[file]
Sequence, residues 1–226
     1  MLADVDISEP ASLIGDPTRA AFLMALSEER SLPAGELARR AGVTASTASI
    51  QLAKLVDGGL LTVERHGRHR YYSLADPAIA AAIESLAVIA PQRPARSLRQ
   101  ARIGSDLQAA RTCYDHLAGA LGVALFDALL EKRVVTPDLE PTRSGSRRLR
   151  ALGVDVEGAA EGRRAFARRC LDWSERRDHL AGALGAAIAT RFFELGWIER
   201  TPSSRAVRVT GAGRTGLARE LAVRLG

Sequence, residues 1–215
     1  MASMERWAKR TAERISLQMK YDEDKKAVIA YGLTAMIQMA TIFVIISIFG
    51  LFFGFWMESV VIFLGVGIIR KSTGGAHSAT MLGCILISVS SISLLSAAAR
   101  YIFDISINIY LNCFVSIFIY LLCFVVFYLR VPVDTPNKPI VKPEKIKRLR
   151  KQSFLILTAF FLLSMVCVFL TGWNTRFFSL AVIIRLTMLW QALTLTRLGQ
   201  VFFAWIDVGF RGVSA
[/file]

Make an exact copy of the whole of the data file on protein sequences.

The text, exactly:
Sequence, residues 1–226
     1  MLADVDISEP ASLIGDPTRA AFLMALSEER SLPAGELARR AGVTASTASI
    51  QLAKLVDGGL LTVERHGRHR YYSLADPAIA AAIESLAVIA PQRPARSLRQ
   101  ARIGSDLQAA RTCYDHLAGA LGVALFDALL EKRVVTPDLE PTRSGSRRLR
   151  ALGVDVEGAA EGRRAFARRC LDWSERRDHL AGALGAAIAT RFFELGWIER
   201  TPSSRAVRVT GAGRTGLARE LAVRLG

Sequence, residues 1–215
     1  MASMERWAKR TAERISLQMK YDEDKKAVIA YGLTAMIQMA TIFVIISIFG
    51  LFFGFWMESV VIFLGVGIIR KSTGGAHSAT MLGCILISVS SISLLSAAAR
   101  YIFDISINIY LNCFVSIFIY LLCFVVFYLR VPVDTPNKPI VKPEKIKRLR
   151  KQSFLILTAF FLLSMVCVFL TGWNTRFFSL AVIIRLTMLW QALTLTRLGQ
   201  VFFAWIDVGF RGVSA